By Sarah Miller
It’s Pride month. I have all sorts of feelings about it; and yet, I don’t know how to feel.
I was straight, to my knowledge, for 34 years. I have been gay for one year. Part of me feels so proud. I feel proud that I found myself enough to go for what I wanted. I want to wear rainbows everyday and tell everyone I see that I’m gay and I’m with an incredible woman. I want to wear my rainbow vans and I want people to see the shoes and think, “Oh, she’s gay.” I want to casually drop the fact that I’m gay into conversations. I want to tell everyone how great it is to be with a woman. I feel so much PRIDE already.
Even so, I also feel this weird shame. I’m gay NOW, but what about the first 34 years of my life?
I was living the straight, heteronormative life within the Christian church. I didn’t experience any type of discrimination or hardship related to my sexual orientation when I was growing up. I sat comfortably in my straight little life.
I never had to worry about my family disowning me (unless, of course, I got pregnant or something scandalous like that).
I never had to worry about being assaulted in a public restroom or bullied at school for being who I was.
I never had to worry about strangers staring me down in public for holding my partner’s hand. Everything about me was “the norm.”
I feel like I played a game and drew the card that let me skip all the way to the finish line. I bypassed all the others on the board that had to go through every painstaking turn.
Losing a turn. Going back 4 spaces. Drawing 3 extra cards.
I just drew a card that allowed me to jump to the end. I skipped the struggle and started at the amazing part. I skipped the bullying in high school or the unsupportive parents whose home I lived in. I got to come out as an adult. I live in my own place, and I don’t have to live in a home with non-affirming parents. It feels like I cheated by skipping the hard part.
I know it sounds crazy to feel this way. Everyone has a story and they shouldn’t be compared. Everyone has struggles and pain. Just because I didn’t have to grow up wrestling with my sexuality or concerned about my safety doesn’t mean I didn’t have struggles or that my story is “less than.”
I’m a grown woman, and the fact that my mom doesn’t accept my partner or my new life is still soul crushing. I’m 35 years old. I don’t live with her. And sometimes I still sob at the stress and sadness I feel as a result of her denial of this part of me.
I stop and think about the teenagers living in homes with parents that tell them they are going to hell or that they are choosing to live in sin. Parents that tell them they are an abomination. Parents that deny their child’s request to use different pronouns or names because they are transgender.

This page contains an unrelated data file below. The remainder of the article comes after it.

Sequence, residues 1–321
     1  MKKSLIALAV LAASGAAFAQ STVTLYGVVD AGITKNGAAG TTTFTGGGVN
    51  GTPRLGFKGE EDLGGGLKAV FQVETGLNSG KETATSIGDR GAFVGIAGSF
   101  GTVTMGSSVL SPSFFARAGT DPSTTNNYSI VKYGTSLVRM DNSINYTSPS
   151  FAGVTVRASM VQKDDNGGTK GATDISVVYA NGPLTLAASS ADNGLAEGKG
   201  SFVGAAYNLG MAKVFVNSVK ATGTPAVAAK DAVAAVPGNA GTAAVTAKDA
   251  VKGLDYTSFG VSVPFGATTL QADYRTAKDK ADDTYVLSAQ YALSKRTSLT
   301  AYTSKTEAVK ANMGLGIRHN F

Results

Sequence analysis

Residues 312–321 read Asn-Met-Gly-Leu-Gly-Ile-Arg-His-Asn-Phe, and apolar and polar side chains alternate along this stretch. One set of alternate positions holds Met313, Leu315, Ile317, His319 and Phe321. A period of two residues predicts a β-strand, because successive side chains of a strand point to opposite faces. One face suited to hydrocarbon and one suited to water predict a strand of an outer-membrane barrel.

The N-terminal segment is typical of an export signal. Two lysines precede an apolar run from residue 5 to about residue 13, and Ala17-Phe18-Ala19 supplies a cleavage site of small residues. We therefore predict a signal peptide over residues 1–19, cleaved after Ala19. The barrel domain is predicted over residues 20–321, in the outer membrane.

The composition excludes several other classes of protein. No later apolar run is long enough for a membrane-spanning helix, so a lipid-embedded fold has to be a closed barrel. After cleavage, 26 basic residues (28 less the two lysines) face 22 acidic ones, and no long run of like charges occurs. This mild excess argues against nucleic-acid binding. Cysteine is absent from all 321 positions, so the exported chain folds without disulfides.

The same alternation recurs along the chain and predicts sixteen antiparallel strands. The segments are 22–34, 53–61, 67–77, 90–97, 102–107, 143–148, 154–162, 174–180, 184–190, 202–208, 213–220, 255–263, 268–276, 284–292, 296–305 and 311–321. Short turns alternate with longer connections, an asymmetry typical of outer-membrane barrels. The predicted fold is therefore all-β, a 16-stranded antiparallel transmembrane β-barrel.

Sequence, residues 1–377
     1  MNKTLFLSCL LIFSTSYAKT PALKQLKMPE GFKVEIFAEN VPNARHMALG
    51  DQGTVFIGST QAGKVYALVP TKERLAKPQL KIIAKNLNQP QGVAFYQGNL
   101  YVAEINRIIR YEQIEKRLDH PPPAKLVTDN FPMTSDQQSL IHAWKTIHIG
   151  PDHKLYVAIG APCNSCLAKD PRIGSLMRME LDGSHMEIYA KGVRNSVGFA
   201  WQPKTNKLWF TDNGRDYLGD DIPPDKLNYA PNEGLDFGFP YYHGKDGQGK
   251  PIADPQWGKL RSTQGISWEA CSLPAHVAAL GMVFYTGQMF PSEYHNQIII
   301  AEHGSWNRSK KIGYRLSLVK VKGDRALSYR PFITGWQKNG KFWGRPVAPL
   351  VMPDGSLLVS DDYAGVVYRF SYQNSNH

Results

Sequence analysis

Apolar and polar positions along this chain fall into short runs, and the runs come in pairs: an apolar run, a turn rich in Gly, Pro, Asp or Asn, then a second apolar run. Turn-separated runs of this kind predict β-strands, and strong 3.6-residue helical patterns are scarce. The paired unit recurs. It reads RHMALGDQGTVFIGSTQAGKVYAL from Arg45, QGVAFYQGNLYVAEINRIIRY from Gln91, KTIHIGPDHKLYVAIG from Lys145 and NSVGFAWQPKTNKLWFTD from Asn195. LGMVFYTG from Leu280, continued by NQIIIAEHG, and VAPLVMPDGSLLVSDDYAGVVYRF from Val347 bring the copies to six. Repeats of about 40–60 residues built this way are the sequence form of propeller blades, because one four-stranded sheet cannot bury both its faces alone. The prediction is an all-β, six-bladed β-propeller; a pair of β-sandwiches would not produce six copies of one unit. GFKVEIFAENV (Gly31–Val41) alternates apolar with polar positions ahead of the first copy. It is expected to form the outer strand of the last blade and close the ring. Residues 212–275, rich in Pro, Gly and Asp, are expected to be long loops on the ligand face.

My heart hurts so deeply for all of the queer young people that are going through the struggles and pain of not feeling accepted or valued. According to the Trevor Project’s National Survey on LGBTQ Youth Mental Health for 2021, 42% of queer youth seriously considered suicide in the last year. The number is over half for nonbinary and transgender youth. There is a major crisis for the mental health and safety of queer youth.
Pride month is exciting. Rainbows are fun to flaunt around all month. But Pride month is so much more.
We need to advocate for the entire queer community, but especially LGBTQ+ youth. They need our voices and our votes to ensure that their rights and lives are going to be taken care of through gender and sexuality-affirming policies. We need to speak out and speak up against intolerance.
We need to make sure we affirm, defend, and support the queer young people in our lives. They need to know they are loved and accepted exactly how they are.
Pride is more than rainbows. It’s a time to spread love and acceptance. It’s a time to celebrate how far equality has come and recognize how far we still have to go.
Sarah Miller is an overly optimistic, conflict-avoidant, newly queer educator and mom of two. She finds joy in writing, sunshine, good salsa, and coffee with too much creamer. She believes everyone has a story that’s worthy of being told.
“This life is mine alone. So I’ve stopped asking people for directions to places they’ve never been.” -Glennon Doyle